A Back To School Letter From Your Child's New Teacher

A Back-To-School Letter From Your Child’s New Teacher

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Dear Parents,

Forget about the waxy new crayons, stiff backpacks and heavily discounted clothes. Fall marks the onset of one of the most significant relationships that you’ll have all year: your relationship with your child’s new teacher.

And guess what? I want to partner with you.

Here are 5 things to keep in mind as we get to know each other.

1. Let’s be open, honest and non-judgmental.

Tell me about your child…all about your child. What are they passionate about? What triggers frustration or withdrawal? You are your child’s first teacher and know them best.

Please, don’t hold back because you’re worried about my opinion. Your child didn’t eat breakfast because they got pissed that you poured the syrup on the pancake instead of next to it? Let me know so that I can help ease their transition into the school day.

I also want to hear about your family. Who makes up your family? What does your family do outside of school? What is your child’s experience after dismissal? I may only be with your child from 8am-3pm, but envisioning your family and your child outside of the classroom helps me approach your child as a whole person.

2. Every parent/caregiver is engaged in their child’s learning, including you.

While this might look different from family to family, I have yet to meet a parent/caregiver that isn’t invested in the success of their child. You DO NOT need to be head of the PTA to be considered an engaged parent or to show your child that you’re invested in them. After all, involved parents don’t necessarily equate to engaged parents. Whether you’re working in an office, at home, or managing home life, you are busy.

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Research shows that meaningful family engagement correlates with student success. Let me show you how to help your child with his or her math homework or how to shop for appropriate books at the library. Let me help you feel comfortable and confident supporting your child’s learning. You’re not asking too much — it’s part of my job.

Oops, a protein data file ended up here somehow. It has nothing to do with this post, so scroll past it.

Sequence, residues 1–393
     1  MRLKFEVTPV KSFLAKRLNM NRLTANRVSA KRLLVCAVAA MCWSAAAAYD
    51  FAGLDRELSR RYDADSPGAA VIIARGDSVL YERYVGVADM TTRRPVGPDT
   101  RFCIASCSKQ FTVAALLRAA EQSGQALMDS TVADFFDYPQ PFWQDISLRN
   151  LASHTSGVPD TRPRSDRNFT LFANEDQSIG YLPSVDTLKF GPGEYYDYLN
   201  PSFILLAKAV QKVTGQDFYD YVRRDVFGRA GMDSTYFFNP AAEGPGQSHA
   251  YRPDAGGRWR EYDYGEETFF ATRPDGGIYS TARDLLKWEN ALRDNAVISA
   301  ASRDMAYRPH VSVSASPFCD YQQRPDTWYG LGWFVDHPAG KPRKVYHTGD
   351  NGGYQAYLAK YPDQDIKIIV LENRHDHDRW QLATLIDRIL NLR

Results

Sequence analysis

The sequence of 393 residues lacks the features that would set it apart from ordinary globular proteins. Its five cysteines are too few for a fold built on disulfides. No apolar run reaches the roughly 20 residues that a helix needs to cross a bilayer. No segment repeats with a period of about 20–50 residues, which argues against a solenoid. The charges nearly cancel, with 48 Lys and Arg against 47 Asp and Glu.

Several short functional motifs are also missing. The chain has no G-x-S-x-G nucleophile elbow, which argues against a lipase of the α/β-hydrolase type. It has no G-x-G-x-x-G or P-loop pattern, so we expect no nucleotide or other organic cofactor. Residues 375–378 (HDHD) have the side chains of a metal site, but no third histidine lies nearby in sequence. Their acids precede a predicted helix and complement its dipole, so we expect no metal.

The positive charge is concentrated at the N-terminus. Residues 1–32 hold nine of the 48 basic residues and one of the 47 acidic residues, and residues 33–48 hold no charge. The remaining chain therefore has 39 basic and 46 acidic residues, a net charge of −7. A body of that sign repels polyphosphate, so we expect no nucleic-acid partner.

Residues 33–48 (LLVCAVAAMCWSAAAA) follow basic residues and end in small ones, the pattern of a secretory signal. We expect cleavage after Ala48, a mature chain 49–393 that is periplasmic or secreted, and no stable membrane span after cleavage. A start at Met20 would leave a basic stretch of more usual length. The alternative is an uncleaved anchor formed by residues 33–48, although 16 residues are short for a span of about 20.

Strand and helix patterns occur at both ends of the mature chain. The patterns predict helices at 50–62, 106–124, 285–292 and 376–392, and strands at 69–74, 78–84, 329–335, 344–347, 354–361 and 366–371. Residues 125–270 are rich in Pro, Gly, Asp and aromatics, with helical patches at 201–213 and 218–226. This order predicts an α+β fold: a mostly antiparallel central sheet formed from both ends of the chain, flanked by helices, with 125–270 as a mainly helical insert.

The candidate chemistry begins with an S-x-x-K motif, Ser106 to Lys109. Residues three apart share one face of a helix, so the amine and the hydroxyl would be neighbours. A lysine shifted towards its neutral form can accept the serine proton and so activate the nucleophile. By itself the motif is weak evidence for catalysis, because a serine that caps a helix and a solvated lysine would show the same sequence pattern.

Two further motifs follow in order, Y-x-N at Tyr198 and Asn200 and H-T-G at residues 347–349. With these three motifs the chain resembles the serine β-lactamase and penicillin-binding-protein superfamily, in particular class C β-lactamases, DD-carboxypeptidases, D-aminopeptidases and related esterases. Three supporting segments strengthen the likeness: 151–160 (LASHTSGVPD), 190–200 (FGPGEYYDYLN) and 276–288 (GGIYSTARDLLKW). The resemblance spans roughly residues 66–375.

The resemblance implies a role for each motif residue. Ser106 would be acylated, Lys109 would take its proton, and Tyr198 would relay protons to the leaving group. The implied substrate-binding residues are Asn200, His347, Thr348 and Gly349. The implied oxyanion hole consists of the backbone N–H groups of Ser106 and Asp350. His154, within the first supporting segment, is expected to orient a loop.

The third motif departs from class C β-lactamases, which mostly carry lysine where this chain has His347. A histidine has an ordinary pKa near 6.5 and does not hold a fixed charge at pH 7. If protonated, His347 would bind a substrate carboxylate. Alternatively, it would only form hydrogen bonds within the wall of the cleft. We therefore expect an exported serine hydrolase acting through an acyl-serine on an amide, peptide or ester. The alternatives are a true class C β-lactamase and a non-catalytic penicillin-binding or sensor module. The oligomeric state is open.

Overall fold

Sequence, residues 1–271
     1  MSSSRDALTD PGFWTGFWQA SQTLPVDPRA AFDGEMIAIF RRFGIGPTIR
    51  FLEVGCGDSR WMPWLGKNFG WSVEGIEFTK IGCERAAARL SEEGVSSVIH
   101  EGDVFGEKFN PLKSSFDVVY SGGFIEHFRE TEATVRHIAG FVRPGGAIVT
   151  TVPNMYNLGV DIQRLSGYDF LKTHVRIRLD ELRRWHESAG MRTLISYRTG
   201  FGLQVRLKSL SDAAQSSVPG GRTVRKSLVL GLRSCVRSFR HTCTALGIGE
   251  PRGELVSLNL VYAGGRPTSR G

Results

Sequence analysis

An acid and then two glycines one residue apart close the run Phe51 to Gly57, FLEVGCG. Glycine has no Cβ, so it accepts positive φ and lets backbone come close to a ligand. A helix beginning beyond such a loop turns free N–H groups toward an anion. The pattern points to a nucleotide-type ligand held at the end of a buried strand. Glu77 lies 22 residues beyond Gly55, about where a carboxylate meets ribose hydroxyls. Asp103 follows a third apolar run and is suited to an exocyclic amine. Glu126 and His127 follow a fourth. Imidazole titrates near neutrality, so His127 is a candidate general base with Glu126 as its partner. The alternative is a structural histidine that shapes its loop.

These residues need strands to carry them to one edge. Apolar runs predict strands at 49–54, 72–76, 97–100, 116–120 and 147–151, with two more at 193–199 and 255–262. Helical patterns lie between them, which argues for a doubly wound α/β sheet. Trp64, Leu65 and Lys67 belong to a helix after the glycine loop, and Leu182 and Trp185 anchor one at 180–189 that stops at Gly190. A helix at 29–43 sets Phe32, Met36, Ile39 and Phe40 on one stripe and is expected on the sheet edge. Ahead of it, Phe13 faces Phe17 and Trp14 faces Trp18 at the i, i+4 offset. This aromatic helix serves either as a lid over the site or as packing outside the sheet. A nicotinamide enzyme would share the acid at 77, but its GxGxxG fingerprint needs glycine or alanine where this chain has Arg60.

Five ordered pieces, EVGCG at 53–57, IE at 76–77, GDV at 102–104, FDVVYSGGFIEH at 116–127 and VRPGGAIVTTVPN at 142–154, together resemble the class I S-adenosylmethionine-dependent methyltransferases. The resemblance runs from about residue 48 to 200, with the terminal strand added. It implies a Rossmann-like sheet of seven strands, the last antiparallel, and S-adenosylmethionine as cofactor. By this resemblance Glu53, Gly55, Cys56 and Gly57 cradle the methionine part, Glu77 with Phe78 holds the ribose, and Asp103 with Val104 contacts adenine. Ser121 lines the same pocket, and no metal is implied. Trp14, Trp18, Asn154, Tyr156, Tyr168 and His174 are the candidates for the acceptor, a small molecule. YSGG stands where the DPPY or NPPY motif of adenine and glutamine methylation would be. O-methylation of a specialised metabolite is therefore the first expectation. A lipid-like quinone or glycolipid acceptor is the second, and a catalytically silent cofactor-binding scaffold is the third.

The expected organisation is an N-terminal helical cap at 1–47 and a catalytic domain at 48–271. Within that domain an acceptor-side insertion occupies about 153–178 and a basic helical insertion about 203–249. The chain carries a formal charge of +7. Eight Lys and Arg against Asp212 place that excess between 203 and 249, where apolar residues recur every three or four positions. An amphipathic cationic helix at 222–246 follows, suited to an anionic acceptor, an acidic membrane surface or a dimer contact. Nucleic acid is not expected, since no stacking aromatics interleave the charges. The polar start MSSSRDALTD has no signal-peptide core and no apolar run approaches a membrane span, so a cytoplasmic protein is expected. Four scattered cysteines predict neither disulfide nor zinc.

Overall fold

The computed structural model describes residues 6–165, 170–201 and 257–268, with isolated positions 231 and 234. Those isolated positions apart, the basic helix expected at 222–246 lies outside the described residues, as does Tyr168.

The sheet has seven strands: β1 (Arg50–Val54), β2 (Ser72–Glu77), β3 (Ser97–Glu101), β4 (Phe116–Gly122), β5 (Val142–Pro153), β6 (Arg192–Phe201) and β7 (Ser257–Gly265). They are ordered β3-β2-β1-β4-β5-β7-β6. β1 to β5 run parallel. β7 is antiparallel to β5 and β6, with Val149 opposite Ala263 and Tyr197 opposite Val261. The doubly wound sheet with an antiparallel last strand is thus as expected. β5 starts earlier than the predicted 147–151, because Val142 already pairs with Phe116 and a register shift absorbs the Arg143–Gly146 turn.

3. This year is also about YOU.

What do you need from me this year? Do you need frequent parent/teacher communication — the positive emails as well as the “Your child did something less than ideal” emails? Do you need to see that I have books that challenge your child and also reflect who they are? Each family is different, and while I’m pretty skilled at getting a classroom full of 6 year olds to work quietly, I haven’t yet mastered the art of reading minds. I need you to communicate with me in good times and in bad. When you’re happy, your child is happy and when your child is happy, they’re more likely to be learning. Let me know what you need in order to feel empowered and connected to me and school.

4. It’s impossible to be objective about your own child.

After all, this is your baby that we’re talking about. The one that you welcomed into the world, held tight in your arms to soothe and comfort, rocked to sleep at 3 a.m., fed and nourished, etc. You have navigated the perils of infancy, watched them grow into a little human being capable of heading off to school on their own. You are amazing!

It is perfectly understandable that you will not be level-headed about your own child. I get it. I have two children of my own.

As a teacher and a mom, I see this play out on a daily basis. am now the obsessed parent, overanalyzing every developmental milestone that my daughter and son approach and assessing how they compare to their peers. I’m the parent who describes my children with too many superlatives and thinks that they are capable of extraordinary and admirable things. Despite the fact that my children sometimes make me want to run out of the house screaming, they’re still utterly perfect, right? Parenting brings out the irrational side in all of us.

5. I am going to love your child.

I promise, I will. I’m sure you hear this all the time — we didn’t get into teaching for the money. We got into teaching because of the joy of learning, the celebrations of childhood, and the journey along the way. When I go home at night, I cook dinner for my family and find my mind often drifting back to your child. I think about their mini-successes and lose sleep over their struggles and failures. This year I’ll rework my lessons to meet their unique needs and will spend my own money to buy supplies and materials. I share your love for your child, quirks included. And together, we can be the foundation and the ladders that they need to succeed this year.

And most importantly, I’m thrilled to be partnering with you.

With Respect,

Your Child’s New Teacher